Can thoughts be immoral?

If someone thinks about performing an immoral act but does not act on those thoughts, is it still immoral? Example, thoughts relating to: abusing a child, self-abuse, stealing money from an employer, or getting drunk before an important test. Can the thoughts in your head be judged as immoral? Why? Why not? Note: this session presupposes that a proper morality is identifiable, and can be acted upon.

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  • Jonathan

    Good mental effort by everyone. We hit all the key issues on this subject and stayed focused. This was a good group.

    January 24, 2012

  • Robert C

    You are what you think!

    January 13, 2012

  • Jonathan

    "Much would seem to hinge on whether things that directly affect only oneself can be judged moral or immoral." A person alone on a deserted island, has no concern for morality? Finding food for myself, cannot be judged as moral or immoral. Why does this change when there is another person on the island? If I put food in someone else's mouth it is possibly moral, but putting food in my mouth is outside the scope of morality? Why?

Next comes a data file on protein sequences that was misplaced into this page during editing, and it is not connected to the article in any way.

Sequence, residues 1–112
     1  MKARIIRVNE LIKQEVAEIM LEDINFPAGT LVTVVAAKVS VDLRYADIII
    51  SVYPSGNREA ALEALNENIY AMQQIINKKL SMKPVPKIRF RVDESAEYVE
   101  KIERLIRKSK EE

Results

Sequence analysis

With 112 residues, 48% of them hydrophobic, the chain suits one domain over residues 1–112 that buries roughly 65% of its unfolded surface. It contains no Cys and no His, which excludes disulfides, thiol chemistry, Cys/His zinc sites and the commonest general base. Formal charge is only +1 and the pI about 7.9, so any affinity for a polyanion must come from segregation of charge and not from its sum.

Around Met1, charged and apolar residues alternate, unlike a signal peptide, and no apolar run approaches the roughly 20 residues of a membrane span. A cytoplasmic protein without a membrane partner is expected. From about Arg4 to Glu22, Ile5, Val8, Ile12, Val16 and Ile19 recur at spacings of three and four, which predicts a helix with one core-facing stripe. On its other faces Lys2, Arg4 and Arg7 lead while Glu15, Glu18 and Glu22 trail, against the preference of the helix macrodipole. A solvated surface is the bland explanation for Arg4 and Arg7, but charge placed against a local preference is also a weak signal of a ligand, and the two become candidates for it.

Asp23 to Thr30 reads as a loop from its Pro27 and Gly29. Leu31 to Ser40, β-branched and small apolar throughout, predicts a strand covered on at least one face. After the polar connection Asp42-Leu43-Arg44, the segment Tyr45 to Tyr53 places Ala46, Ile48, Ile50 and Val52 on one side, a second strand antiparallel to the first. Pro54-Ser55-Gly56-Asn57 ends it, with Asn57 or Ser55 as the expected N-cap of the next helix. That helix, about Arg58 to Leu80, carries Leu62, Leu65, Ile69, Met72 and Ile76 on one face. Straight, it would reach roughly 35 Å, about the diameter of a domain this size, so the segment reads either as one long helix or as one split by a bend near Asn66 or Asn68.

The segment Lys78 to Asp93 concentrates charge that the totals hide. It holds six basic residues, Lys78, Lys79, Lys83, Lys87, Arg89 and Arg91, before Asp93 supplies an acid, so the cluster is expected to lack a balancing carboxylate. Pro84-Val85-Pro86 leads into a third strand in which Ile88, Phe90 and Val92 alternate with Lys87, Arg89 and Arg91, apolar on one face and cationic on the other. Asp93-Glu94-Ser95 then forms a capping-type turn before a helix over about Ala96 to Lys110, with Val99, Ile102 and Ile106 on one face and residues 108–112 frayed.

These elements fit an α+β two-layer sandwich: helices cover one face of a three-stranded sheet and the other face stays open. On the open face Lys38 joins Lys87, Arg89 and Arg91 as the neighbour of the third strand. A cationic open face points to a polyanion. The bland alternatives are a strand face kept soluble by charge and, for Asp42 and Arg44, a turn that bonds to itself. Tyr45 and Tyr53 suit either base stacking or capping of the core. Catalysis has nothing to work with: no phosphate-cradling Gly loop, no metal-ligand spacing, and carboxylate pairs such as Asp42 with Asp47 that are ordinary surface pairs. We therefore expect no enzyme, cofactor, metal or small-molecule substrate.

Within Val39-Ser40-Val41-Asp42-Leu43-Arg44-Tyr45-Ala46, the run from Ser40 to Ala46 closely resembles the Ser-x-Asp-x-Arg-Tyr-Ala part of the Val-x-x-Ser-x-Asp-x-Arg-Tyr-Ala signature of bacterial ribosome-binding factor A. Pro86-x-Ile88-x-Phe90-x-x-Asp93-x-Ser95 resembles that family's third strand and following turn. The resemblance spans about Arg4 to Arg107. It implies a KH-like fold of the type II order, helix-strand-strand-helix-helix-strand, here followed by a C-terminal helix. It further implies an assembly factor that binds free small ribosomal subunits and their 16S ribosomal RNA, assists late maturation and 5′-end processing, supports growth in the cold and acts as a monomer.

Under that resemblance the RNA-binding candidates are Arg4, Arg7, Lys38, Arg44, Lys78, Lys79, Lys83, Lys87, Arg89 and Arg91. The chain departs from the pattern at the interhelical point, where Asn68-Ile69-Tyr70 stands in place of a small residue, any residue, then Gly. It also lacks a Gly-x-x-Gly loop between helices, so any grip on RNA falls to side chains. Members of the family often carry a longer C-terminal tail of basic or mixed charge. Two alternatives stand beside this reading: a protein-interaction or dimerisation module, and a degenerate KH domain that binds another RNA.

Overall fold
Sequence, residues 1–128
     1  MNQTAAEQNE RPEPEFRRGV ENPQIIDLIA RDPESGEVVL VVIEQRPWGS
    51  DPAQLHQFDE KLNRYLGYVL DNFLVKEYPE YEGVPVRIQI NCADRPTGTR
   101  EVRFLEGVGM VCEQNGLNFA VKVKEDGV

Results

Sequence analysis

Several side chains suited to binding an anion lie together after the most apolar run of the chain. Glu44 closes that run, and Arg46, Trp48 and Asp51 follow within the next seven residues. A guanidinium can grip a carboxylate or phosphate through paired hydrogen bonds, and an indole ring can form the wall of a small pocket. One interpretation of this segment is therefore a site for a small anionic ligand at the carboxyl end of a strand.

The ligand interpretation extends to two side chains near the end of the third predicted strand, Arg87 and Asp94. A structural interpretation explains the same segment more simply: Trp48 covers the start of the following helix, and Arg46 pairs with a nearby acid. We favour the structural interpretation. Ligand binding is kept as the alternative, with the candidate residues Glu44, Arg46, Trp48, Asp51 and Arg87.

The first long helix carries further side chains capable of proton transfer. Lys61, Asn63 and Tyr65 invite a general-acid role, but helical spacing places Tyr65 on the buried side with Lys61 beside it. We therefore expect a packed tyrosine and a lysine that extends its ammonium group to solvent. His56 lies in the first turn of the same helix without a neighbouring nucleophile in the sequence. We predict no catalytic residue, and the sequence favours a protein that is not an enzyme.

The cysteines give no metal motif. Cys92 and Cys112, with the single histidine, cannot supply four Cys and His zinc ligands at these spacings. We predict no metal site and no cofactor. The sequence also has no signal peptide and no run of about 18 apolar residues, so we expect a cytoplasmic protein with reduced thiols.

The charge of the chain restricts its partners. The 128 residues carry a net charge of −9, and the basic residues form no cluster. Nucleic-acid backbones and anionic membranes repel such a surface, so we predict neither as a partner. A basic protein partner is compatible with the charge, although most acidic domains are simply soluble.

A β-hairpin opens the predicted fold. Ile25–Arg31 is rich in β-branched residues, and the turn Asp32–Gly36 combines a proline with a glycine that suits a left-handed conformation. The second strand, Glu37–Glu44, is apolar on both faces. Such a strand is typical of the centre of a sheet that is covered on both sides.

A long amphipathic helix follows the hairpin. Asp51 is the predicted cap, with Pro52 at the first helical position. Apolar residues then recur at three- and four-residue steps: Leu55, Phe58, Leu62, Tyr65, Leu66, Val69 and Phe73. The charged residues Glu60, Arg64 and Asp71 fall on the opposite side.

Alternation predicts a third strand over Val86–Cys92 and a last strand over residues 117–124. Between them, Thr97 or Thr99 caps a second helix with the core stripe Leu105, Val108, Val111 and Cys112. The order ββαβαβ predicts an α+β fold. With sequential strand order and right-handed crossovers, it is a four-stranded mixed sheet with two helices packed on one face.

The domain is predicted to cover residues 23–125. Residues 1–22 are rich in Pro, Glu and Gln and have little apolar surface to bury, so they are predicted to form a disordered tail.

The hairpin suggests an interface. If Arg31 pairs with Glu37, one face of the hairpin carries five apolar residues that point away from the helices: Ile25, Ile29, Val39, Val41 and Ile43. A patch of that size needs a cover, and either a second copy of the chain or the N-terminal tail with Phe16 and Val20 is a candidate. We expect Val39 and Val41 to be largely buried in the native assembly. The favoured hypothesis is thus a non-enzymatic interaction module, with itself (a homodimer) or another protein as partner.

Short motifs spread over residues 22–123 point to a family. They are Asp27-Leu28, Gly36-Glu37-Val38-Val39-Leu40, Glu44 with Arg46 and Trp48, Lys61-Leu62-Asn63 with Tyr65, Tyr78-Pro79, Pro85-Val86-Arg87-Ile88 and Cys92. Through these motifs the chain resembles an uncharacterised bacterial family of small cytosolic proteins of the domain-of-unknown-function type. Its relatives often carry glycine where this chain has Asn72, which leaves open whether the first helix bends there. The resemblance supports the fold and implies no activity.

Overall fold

January 5, 2012

  • Cindy Fox

    Correct. The only question then is psychology. Does that reinforce those intentions or does that help alleviate them. Either way, it's someone's individual choice, but it's just nice to know what the effect might be.

    December 24, 2011

  • Jonathan

    So thoughts are outside the realm of moral judgement. Lets go with that. So when a person fantasizes about kidnapping and abusing a child, it is not immoral or immoral. Such a person has no reason to alter their thinking, Correct?

    December 24, 2011

  • Cindy Fox

    I know what Act, Active and Acting mean too, but you question. To the main question, No. Moral or immoral is an act, not a thought. There are opposing thoughts in psychology whether acting out one's impulses in a virtual world will help relieve the pressure to do a behavior in the real world or reinforce the behavior and make it more likely. Either way, acting in a virtual world is no more immoral than thinking a thought, be it an action or not. Immorality can only occur when one is harmed.

    December 24, 2011

  • Jonathan

    PS, You didn't answer my question. "So thought is an active process?" You know what inactive means well enough to to answer "no". :oP